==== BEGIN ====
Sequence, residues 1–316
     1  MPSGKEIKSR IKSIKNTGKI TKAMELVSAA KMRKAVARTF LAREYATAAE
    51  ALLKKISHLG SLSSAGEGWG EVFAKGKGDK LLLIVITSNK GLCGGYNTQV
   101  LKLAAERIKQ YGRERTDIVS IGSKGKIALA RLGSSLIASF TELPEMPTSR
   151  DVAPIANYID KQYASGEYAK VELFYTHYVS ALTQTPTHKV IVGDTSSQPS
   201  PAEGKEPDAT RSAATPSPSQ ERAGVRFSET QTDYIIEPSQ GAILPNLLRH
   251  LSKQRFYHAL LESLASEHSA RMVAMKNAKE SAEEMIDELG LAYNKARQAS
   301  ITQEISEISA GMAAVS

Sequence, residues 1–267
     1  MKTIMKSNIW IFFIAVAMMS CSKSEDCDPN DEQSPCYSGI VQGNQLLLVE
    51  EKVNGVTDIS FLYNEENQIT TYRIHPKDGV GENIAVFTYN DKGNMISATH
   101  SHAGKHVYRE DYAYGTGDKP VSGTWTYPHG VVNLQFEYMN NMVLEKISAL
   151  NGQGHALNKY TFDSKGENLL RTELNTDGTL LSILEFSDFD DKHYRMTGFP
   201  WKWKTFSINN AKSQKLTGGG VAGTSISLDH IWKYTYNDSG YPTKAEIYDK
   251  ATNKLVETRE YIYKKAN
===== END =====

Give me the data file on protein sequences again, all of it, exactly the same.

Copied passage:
Sequence, residues 1–316
     1  MPSGKEIKSR IKSIKNTGKI TKAMELVSAA KMRKAVARTF LAREYATAAE
    51  ALLKKISHLG SLSSAGEGWG EVFAKGKGDK LLLIVITSNK GLCGGYNTQV
   101  LKLAAERIKQ YGRERTDIVS IGSKGKIALA RLGSSLIASF TELPEMPTSR
   151  DVAPIANYID KQYASGEYAK VELFYTHYVS ALTQTPTHKV IVGDTSSQPS
   201  PAEGKEPDAT RSAATPSPSQ ERAGVRFSET QTDYIIEPSQ GAILPNLLRH
   251  LSKQRFYHAL LESLASEHSA RMVAMKNAKE SAEEMIDELG LAYNKARQAS
   301  ITQEISEISA GMAAVS

Sequence, residues 1–267
     1  MKTIMKSNIW IFFIAVAMMS CSKSEDCDPN DEQSPCYSGI VQGNQLLLVE
    51  EKVNGVTDIS FLYNEENQIT TYRIHPKDGV GENIAVFTYN DKGNMISATH
   101  SHAGKHVYRE DYAYGTGDKP VSGTWTYPHG VVNLQFEYMN NMVLEKISAL
   151  NGQGHALNKY TFDSKGENLL RTELNTDGTL LSILEFSDFD DKHYRMTGFP
   201  WKWKTFSINN AKSQKLTGGG VAGTSISLDH IWKYTYNDSG YPTKAEIYDK
   251  ATNKLVETRE YIYKKAN